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Updated on June 16, 2022

TMJ Surgery: Types, Costs, Procedure and Recovery

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What is Temporomandibular Joint Disorder (TMD)?

The temporomandibular joint (TMJ) is either one of the two joints connecting your lower jaw (mandible) to your skull.

Medical Images of Temporomandibular Joint Disorder

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Image of a healthy temporomandibular joint.
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Image of a damaged temporomandibular joint.

TMJ disorders (TMDs) are problems with one or both of these joints. TMD symptoms include:

  • Pain at the jaw joint, including pain that spreads to other areas
  • Painful popping or clicking of the jaw
  • Jaw stiffness
  • Jaw locking or limited ability to open and close the jaw
  • Buzzing or ringing in the ears

The exact causes of most TMDs aren’t well understood, but experts have found associations with certain genetic and hormonal factors.

Your genes play a role in how you perceive pain, both physically and psychologically, and differences in these processes may affect the development of TMDs. Higher estrogen levels have also been associated with TMDs.

An injury to the jaw or TMJ may also contribute to the development of a TMD.

TMDs often come on suddenly and resolve on their own just as quickly. But in some cases, they are persistent (chronic) and require professional attention.

If more conservative treatments fail to relieve jaw pain or dysfunction, that professional attention may include TMJ surgery.

Who Needs TMJ Surgery?

Doctors and dentists are unlikely to recommend TMJ surgery as a first-line treatment. Surgical procedures are most often considered a last resort meant for severe cases where other treatments have failed.

TMJ surgery is generally irreversible. Anything that involves a permanent change to the way your teeth or jaw bones fit together may not necessarily solve the problem.

For these reasons, experts generally recommend people suffering from TMDs to try conservative, non-invasive treatments first. But surgery may be a logical next step in cases where other treatments have failed to resolve serious TMJ dysfunction. Your doctor can help you decide if surgery is necessary.

They might recommend orthognathic surgery, which corrects bite problems, if your TMJ issues are related to other bite problems. However, even if you are a candidate for surgery, your doctor will likely want to begin with the least invasive procedure(s) possible.

Non-Surgical Treatment for TMD

Before recommending surgery, your doctor or dentist may provide any or all of the following:

  • Physical (manual) therapy, which gently stretches and strengthens the muscles and soft tissues of the TMJ area. This may be in addition to heat or cold packs.
  • Cognitive behavioral therapy (CBT), which can help you stop clenching your jaw or grinding your teeth unconsciously. For example, sometimes placing the tongue on the roof of the mouth can help separate the upper and lower teeth.
  • Medications to manage pain and inflammation such as Aleve, Advil, and/ or Flexeril, amongst others.
  • Orthotic devices such as night guards or occlusal splints.
  • Complementary treatments like acupuncture, which are unconventional but may be combined with conventional ones.
  • Botox injections to temporarily relieve pain.
  • Diet changes (no chewing gum, sticky foods like caramel, or hard foods like nuts)

In most cases, doctors and dentists only recommend TMJ surgery after these procedures have failed.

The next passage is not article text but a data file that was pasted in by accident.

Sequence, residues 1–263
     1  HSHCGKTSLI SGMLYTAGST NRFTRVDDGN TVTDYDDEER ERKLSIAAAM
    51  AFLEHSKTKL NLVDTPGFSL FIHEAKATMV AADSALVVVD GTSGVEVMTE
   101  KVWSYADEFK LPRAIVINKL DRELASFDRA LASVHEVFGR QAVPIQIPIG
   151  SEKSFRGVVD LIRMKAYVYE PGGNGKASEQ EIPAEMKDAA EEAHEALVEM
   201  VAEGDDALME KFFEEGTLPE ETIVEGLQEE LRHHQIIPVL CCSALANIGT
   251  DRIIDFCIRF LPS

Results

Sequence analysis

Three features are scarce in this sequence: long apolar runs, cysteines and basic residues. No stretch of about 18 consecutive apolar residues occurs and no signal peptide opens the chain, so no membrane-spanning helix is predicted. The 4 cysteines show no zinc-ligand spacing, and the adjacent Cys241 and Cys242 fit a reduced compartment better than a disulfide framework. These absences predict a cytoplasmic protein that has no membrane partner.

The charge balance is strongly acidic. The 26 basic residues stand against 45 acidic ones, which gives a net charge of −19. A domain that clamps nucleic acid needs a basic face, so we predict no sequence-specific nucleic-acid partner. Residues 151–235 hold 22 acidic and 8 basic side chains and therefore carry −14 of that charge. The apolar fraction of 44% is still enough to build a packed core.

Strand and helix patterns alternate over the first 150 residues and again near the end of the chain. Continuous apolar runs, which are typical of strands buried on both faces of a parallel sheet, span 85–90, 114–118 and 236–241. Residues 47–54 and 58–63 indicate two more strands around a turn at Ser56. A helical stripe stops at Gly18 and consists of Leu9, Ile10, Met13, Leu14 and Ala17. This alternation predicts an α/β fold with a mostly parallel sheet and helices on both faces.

5 Types of TMJ Surgery

Five types of surgical procedures address TMJ disorders. They range from minimally invasive outpatient treatments to intensive open-joint surgery.

Keep in mind: Surgery is considered a last resort for TMJ problems that don’t respond to more conservative and less invasive treatments.

1. Arthrocentesis

Arthrocentesis (the Greek word for “joint puncture”), also known as joint aspiration, is a minimally invasive procedure. It involves flushing the jaw joint with fluid from a syringe to clear away tissue debris and reduce inflammation.

What to Expect 

Arthrocentesis may be performed under general anesthesia or a combination of local anesthesia and IV sedation.

It’s generally an outpatient procedure, so you'll be able to go home the same day. It may take about half an hour to perform. 

During the procedure, a surgeon will:

  1. Insert one or two hypodermic needles into the jaw joint.
  2. Flush the jaw joint with a sterile fluid, such as a saline solution. This will help remove any unwanted material, such as inflammation or tissue breakdown byproducts.
  3. Possibly remove scar tissue and inject the joint with medication.

Cost

Arthrocentesis may cost $300 or more. Talk with your doctor and insurance provider to determine the exact cost.

2. Arthroscopy

What to Expect 

TMJ arthroscopy requires general anesthesia. It’s slightly more invasive than arthrocentesis and may take longer. 

It’s an outpatient procedure during which a surgeon will:

  1. Make small incisions around the TMJ in order to insert a thin metal tube called a cannula.
  2. Use the cannula to insert an illuminated camera called an arthroscope. They’ll use the arthroscope to inspect the joint.
  3. Perform any needed repair or removal procedures with surgical tools inserted through the cannula.

Cost

Though only somewhat more invasive than arthrocentesis, this procedure may cost as much as $5,000 or more per joint. Your doctor and insurance provider can provide more information regarding the exact cost.

3. Arthrotomy or Arthroplasty (Open-Joint Surgery)

Rather than simply inserting tools through tiny incisions, open-joint surgery is more intensive. The joint space is opened completely in order to expose the jaw joint.

What to Expect 

Open-joint TMJ surgery may take 1 to 2 hours and is performed under general anesthesia. You may need to spend the night in the hospital afterward. During the procedure, your surgeon will: